Mahboob goes further and states that Muslims and non-Muslims alike, who know of terrorist activity occurring in their communities and families, have a duty to report to the police. Failure to do so, he adds, is a "betrayal of trust".
Because when it comes to tackling fundamentalism, the personal is political. A 47-year-old Muslim woman, Gina Khan, who works as a researcher and activist, has taken the step of reporting members of her own family suspected of terrorist activity. She told me: “I reported a relative involved in a group who think they are the religious police over Muslims in Birmingham, halting behaviour that they think is un-Islamic.
“One group stopped dancing and music. Although there may be a backlash as a result of reporting family who are pro-Taliban or ISIS, we are just guilty if we maintain a silence and allow them to normalize aggressive Jihadism.
“I wouldn’t think twice about reporting family again.”
Of course, no individual in a democratic society should be punished for simply practicing their faith. But the gunmen involved in the Paris shooting (or those involved in incidents in Sydney, Boston, Woolwich and so on) are not interested living according to the principles of democracy while doing so.
Their actions threaten the basic freedoms that form the bedrock of our society. Muslims in the West are protected by these principles and would otherwise have been branded as heretics, historically. Yet calls to curb extremist ideology that seeks to impose decidedly non-democratic rule here are met with accusations of racism.
I am, in no way, placing the burden of responsibility for such atrocities as that which occurred in Paris yesterday on the shoulders of peaceful, law-abiding Muslims. However, there are issues they must address within their communities.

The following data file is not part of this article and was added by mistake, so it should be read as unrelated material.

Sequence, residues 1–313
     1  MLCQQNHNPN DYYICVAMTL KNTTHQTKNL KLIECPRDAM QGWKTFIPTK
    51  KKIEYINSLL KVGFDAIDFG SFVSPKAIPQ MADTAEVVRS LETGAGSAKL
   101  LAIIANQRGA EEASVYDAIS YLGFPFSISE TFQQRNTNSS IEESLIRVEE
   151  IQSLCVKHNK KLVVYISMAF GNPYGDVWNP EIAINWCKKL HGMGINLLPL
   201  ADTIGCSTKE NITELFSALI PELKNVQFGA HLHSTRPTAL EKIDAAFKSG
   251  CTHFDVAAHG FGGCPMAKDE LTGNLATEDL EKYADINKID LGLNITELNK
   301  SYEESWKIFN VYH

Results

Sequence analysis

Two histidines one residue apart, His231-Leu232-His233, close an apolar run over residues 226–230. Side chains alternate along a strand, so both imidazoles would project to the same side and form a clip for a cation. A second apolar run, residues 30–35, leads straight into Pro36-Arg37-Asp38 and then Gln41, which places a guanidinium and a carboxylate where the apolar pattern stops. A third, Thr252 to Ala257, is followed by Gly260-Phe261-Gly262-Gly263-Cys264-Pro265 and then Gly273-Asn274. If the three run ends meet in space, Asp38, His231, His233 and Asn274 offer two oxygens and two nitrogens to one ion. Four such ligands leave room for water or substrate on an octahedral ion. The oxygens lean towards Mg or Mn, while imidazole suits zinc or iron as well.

But the job isn’t theirs alone.
I’m glad to see development of detailed efforts in this country at government and local authority level to address extremism. There are clear procedures in place for reporting terrorist activity and the level of detail outlined in the UK government’s Prevent strategy highlights the scale of effort required to tackle this growing problem.
I believe that more can be done at an international level in terms of imposing sanctions on countries that do not adhere to basic human rights – those who permit stoning a woman to death if she is found to have had sex outside of marriage, for example, or the cutting of hands in cases of theft. And that’s without even touching on the horror visited upon those in the LGBT community.
But I believe that without the same level of effort from the religious communities directly affected by extremism, we are treating the symptoms and not the cause of an ideology that is permeating our society. Unless meaningful, practical action is taken to wrest control of their faith from murderers, people will likely continue to die.
As arrests are made in the hunt for the gunmen responsible for yesterday’s horrific attack, one thing is very clear: free speech – and the freedom to speak out against extremist, non-democratic behaviour, whether in the press or your community – is our most precious resource and must be protected at all costs.
The Muslim community must step up to the plate, along with everyone else.